Last week saw the introduction of version 4.2, which includes the Chromecast SDK for bringing app content to your larger screen TV – see Get Google Cast-ready with the Google Cast SDK – and increased support for Google Drive functionality (refinements to the API as well as improved performance and stability, says Google).
Why is Google Play important? Increasingly it’s the linchpin of the Android system.
It is the means by which Google both enables latest updates to seamlessly reach older handsets running previous versions of Android, sidestepping slow telco updates, aka the fragmentation problem (the benign).
Also, it is increasingly the non open source part of Android that prevents third parties fully re-working Android themselves for their own commercial purposes, a la Amazon or Samsung (the rather less benign).
An interesting recent article on Ars Technica – Neither Microsoft, Nokia, nor anyone else should fork Android. It’s unforkable. – covers this ground, and is worth five minutes of your reading time.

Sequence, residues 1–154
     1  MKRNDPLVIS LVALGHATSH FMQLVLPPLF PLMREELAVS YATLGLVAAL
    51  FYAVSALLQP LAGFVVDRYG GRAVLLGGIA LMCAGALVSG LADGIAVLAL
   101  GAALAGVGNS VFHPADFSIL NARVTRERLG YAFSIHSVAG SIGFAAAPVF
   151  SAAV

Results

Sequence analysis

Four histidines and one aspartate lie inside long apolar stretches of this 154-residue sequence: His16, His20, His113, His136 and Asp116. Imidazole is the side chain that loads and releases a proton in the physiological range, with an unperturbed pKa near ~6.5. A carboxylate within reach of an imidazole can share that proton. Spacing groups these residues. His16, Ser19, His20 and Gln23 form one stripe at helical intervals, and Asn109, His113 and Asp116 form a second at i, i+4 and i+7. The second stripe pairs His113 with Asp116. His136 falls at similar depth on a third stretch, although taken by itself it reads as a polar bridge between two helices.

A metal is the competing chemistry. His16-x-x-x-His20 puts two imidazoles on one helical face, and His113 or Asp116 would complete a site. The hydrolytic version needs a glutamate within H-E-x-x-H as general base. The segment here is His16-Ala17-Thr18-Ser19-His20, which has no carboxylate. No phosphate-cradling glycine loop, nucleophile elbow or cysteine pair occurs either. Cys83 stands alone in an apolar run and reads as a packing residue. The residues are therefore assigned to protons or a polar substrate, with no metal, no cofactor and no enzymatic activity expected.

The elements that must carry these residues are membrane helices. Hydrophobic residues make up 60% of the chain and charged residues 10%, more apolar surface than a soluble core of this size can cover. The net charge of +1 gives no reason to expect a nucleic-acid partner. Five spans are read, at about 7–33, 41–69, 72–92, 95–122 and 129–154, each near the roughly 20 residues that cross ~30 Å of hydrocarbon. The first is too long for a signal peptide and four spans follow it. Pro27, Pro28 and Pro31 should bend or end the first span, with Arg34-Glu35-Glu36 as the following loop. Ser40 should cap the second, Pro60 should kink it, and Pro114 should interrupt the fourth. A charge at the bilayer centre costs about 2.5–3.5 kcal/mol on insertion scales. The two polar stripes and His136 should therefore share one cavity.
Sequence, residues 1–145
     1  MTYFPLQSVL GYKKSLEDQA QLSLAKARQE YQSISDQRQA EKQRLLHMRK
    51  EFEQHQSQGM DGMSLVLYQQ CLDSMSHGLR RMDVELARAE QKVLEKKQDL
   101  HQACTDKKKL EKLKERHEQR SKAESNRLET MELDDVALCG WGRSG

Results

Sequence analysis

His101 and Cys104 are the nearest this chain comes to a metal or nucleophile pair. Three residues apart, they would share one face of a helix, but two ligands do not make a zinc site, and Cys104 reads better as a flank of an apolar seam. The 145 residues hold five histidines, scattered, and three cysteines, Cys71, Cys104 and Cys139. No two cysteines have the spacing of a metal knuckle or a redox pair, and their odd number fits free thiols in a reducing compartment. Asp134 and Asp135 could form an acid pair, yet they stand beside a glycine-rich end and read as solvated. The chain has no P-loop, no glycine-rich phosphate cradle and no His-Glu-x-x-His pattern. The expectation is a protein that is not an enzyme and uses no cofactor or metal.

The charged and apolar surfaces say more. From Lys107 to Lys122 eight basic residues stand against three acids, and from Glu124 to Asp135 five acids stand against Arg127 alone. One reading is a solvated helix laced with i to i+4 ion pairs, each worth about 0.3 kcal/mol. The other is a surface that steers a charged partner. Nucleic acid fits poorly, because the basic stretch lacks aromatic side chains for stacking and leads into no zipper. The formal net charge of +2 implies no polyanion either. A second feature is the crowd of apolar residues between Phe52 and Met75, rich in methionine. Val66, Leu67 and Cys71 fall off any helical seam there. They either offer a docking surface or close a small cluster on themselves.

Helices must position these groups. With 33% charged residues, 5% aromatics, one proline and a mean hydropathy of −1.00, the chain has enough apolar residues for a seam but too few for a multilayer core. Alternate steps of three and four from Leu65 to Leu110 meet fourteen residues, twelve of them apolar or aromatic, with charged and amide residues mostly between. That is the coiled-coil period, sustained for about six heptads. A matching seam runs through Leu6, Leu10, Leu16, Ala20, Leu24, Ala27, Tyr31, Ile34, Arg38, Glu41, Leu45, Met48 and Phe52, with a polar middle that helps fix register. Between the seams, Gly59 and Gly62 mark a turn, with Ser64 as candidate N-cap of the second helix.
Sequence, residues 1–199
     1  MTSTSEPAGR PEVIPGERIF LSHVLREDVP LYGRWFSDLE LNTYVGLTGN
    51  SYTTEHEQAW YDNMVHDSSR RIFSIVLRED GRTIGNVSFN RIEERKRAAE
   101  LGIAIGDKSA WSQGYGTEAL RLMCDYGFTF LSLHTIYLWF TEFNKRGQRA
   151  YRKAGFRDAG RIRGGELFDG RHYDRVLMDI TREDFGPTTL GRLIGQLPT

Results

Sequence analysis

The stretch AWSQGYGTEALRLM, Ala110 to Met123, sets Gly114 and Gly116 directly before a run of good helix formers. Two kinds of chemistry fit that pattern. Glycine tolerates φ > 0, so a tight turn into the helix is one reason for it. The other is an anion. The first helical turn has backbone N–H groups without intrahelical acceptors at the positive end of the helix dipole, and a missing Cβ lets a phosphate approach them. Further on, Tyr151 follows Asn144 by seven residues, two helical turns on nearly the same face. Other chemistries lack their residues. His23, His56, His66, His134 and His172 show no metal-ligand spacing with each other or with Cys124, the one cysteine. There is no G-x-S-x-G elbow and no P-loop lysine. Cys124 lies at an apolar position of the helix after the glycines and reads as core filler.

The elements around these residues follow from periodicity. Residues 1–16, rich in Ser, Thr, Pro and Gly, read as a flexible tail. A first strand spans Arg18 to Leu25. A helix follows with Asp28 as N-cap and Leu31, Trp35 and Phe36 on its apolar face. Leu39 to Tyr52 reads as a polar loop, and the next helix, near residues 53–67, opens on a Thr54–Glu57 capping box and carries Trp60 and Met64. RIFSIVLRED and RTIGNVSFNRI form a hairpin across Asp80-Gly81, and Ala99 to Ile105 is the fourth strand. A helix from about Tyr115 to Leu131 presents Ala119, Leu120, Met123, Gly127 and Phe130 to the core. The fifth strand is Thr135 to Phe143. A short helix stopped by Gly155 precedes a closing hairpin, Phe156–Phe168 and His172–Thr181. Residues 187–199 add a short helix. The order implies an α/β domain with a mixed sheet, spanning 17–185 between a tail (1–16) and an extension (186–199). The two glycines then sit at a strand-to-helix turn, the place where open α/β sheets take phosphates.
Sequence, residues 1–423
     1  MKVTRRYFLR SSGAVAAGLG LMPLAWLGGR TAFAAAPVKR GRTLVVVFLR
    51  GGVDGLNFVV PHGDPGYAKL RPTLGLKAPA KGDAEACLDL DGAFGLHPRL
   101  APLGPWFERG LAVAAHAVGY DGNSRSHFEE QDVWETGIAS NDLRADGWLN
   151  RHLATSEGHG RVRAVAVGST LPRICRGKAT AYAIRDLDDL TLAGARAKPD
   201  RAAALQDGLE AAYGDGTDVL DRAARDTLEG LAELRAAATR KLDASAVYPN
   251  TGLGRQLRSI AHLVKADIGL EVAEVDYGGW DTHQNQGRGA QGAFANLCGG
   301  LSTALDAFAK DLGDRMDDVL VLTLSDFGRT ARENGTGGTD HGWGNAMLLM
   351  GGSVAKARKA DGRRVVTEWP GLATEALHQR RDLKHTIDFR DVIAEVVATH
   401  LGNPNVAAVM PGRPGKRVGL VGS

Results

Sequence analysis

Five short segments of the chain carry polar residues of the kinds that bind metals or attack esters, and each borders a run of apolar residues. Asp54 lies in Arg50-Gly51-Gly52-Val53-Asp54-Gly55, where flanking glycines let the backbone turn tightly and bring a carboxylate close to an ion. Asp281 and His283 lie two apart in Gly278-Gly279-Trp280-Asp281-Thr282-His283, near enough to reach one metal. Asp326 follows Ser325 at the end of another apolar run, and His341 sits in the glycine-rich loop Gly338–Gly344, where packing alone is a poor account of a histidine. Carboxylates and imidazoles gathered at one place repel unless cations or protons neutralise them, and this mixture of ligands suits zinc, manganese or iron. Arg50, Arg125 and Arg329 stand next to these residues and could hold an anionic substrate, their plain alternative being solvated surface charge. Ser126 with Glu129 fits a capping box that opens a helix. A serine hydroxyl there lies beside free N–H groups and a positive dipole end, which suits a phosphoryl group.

UPDATED: 14 February 2014
Google has subsequently revealed further new additions within Google Play Services 4.2 – see New Client API Model in Google Play Services
As well as the Chromecast and Drive additions, there are three new API-related developments. The client connection model has now been unified for all the APIs, there is support for “enqueuing” of API calls that allows you to call read methods before the API clients are connected, and there is now the option to specify if an API call should execute asynchronously.
Taking these in turn, in Google’s own words:
Connecting Client APIs
The client connection model has now been unified for all the APIs. As you may recall, you were previously required to use separate client classes for each API you wanted to use, for example:
GamesClient, etc. Instead, you should now use
GoogleApiClient, which allows you to connect to multiple APIs using a single call.
Enqueuing API Calls
Another new feature is enqueuing of API calls, which allows you to call read methods before the API clients are connected. This means you can issue these calls up front, for example in
onStart/onResume, rather than having to wait and issue them in different callback methods.
Supporting both Asynchronous and Synchronous Execution
With this release of Google Play services, you now have the option to specify if an API call should execute asynchronously (you will receive a callback once it is finished), or synchronously (the thread will block until the operation has completed).